Preserving the Site of the Sobibor Death Camp

Currently, the grounds where the Sobibor death camp once stood are treated like a public park, where locals go to ride bicycles, take a stroll, walk their dogs—or dig in the dirt for bricks and other artifacts. Meanwhile, a group of archaeologists is excavating the site and plans are under way to create a memorial and museum. Some fear, however, that the latter effort will also cheapen the memory of the camp’s horrors. Matt Lebovic writes:

In the months ahead, large-scale construction will transform Sobibor forever, as authorities enact a long-incubated plan to build a museum, visitor center, and various memorial structures throughout the camp. “We don’t want this to become the Disneyland of death camps,” said Jonny Daniels, founder and executive director of the Poland-based From the Depths organization. “The treatment of this place as one where pets relieve themselves, in addition to the construction of huge new buildings on top of camp remains, is very disturbing. . . . You can’t build in a concentration camp.”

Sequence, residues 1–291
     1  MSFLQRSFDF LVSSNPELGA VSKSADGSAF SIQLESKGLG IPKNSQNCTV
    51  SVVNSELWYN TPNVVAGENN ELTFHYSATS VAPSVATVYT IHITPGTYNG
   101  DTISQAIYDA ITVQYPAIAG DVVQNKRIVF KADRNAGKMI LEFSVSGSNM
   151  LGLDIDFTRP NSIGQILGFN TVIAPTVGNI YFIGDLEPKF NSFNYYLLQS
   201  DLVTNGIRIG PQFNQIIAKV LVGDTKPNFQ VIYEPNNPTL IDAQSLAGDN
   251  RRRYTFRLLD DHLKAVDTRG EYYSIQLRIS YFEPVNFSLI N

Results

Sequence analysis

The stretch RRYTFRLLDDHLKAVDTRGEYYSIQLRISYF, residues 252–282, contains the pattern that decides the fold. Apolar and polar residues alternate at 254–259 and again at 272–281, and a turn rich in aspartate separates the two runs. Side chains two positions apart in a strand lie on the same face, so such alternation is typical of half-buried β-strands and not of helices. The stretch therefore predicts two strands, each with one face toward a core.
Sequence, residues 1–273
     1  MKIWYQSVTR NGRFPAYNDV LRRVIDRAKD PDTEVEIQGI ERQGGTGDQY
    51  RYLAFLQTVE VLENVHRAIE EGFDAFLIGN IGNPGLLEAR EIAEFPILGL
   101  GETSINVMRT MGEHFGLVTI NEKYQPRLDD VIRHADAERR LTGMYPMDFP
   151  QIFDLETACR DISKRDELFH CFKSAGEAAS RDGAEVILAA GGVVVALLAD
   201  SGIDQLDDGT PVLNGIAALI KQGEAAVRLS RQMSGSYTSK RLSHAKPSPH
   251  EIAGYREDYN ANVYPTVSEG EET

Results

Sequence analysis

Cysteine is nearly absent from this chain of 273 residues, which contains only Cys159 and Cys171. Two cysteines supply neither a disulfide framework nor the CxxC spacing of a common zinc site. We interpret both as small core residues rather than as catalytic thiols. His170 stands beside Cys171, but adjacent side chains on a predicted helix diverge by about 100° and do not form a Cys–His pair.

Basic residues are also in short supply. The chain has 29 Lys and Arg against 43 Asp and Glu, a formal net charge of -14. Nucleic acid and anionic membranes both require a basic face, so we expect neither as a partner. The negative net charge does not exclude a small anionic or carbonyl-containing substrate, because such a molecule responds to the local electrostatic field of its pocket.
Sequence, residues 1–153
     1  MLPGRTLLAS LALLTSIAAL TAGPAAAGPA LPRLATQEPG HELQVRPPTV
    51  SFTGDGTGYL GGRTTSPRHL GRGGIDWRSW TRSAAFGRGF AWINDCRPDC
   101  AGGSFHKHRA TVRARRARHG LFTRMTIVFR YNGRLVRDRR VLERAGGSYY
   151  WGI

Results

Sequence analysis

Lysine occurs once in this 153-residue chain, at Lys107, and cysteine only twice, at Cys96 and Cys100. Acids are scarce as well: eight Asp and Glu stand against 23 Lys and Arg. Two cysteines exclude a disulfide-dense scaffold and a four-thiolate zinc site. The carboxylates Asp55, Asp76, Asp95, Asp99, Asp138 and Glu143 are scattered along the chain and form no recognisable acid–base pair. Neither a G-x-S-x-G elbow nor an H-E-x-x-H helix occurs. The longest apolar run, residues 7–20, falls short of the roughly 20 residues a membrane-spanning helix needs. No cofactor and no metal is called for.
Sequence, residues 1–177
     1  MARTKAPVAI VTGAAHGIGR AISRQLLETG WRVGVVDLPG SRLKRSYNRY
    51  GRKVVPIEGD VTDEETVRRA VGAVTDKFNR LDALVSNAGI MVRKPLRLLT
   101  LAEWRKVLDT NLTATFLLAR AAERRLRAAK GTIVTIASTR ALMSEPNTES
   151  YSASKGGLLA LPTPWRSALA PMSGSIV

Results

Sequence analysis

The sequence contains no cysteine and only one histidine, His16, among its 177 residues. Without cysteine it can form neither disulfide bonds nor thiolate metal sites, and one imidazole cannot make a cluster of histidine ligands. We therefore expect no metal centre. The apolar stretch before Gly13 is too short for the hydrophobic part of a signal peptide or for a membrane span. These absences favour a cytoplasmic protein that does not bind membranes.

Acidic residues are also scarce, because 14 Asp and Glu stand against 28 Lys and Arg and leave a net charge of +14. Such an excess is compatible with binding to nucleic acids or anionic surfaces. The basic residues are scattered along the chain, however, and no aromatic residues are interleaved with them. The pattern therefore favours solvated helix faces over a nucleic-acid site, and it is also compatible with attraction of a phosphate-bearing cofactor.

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Read more at Times of Israel

More about: Holocaust, Poland, Sobibor

Distrust of the Supreme Court Led Likud Voters to Rally around Netanyahu

Jan. 17 2020

A few weeks ago, Benjamin Netanyahu handily won the Likud party’s primary election, receiving 72 percent of the votes. He won despite the fact that he is facing indictments on corruption charges that could interfere with his ability to govern if he remains Israel’s premier, and despite the credible challenge mounted by his opponent, Gideon Sa’ar. Evelyn Gordon credits the results not to love of Netanyahu but to resentment of Israel’s overweening Supreme Court:

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Read more at Evelyn Gordon

More about: Benjamin Netanyahu, Israeli politics, Israeli Supreme Court